Perhaps the main problem with having the restricted feed-in tariff policy implemented now in Japan is that it likely sets the agenda for any future energy markets in Japan. That is to say, once the policy has been enacted it becomes very difficult to amend. That doesn't mean that revisions will be impossible, but significant amendment is likely to require some sort of crisis because the vested interests standing in the way of the policy are forced to back down. A two-year study committee has been struck in METI to examine expanding the feed-in tariff. The DPJ appears committed to bringing wind, geothermal and other renewable resources into the tariff, but the utility unions are among its largest supporters. Any revision to the policy now in effect is likely to come only with a hard fight among the politicians themselves as well as between them and the bureaucracy/business nexus in this area.
Even if common sense wins out and a comprehensive tariff is adopted, the wasted time will likely be deeply regretted. Keep in mind that in 2005 Japan had half the world’s solar production, whereas that share had dropped to about 10% in 2008 once the Germans, Americans and Chinese ripped past. Time itself is a precious commodity when it comes to seizing opportunities in an industrial revolution.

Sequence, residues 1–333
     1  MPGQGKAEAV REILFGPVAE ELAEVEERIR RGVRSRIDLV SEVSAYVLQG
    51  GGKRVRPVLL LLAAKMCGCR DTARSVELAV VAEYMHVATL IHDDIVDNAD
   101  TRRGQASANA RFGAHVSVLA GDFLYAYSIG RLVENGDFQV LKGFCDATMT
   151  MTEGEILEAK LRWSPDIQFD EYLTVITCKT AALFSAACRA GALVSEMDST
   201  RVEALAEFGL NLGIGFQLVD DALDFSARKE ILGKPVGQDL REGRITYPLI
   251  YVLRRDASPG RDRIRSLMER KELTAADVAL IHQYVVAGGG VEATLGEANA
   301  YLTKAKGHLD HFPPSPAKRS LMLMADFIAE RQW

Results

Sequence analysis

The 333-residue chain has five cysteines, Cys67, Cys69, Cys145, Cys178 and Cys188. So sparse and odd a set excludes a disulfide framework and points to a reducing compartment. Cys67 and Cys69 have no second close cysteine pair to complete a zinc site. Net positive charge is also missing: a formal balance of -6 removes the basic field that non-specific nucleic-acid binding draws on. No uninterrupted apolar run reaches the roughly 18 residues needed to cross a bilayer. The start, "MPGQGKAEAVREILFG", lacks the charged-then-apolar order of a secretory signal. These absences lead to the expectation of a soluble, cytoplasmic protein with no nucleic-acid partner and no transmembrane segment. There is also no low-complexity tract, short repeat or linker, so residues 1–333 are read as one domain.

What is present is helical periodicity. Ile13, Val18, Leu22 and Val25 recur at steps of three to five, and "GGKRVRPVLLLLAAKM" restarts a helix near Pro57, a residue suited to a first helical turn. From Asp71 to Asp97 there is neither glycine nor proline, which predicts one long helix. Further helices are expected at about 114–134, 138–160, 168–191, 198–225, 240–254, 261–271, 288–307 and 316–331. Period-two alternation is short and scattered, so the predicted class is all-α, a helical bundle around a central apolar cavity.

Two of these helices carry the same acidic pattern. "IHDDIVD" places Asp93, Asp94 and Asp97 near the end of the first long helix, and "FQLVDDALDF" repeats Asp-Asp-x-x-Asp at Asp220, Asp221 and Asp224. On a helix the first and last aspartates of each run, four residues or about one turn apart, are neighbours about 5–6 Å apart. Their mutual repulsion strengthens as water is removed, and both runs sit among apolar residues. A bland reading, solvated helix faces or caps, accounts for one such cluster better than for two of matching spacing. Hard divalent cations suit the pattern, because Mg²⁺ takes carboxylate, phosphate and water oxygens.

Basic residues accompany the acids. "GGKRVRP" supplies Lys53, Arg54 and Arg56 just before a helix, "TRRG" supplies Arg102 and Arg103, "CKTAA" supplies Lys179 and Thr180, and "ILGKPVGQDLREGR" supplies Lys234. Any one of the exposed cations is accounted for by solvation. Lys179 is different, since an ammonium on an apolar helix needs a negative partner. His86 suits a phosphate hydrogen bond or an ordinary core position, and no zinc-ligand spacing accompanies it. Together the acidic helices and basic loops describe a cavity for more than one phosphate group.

Andrew DeWit is Professor of the Political Economy of Public Finance, Rikkyo University and an Asia-Pacific Journal coordinator. With Kaneko Masaru, he is the coauthor of Global Financial Crisis published by Iwanami in 2008. He wrote this article for The Asia-Pacific Journal.
Recommeded citation: Andrew DeWit, "Regime Change Short-Circuited: Carbon Emissions and Japan’s Feed-in Tariff System," The Asia-Pacific Journal, 45-4-09, November 9, 2009.
1 On June 10 of 2009, former PM Aso Taro had formally committed Japan to a 15% cut – versus 2005 emissions levels – by 2020, a target that was effectively a mere 8% cut from 1990 levels, and thus widely ridiculed.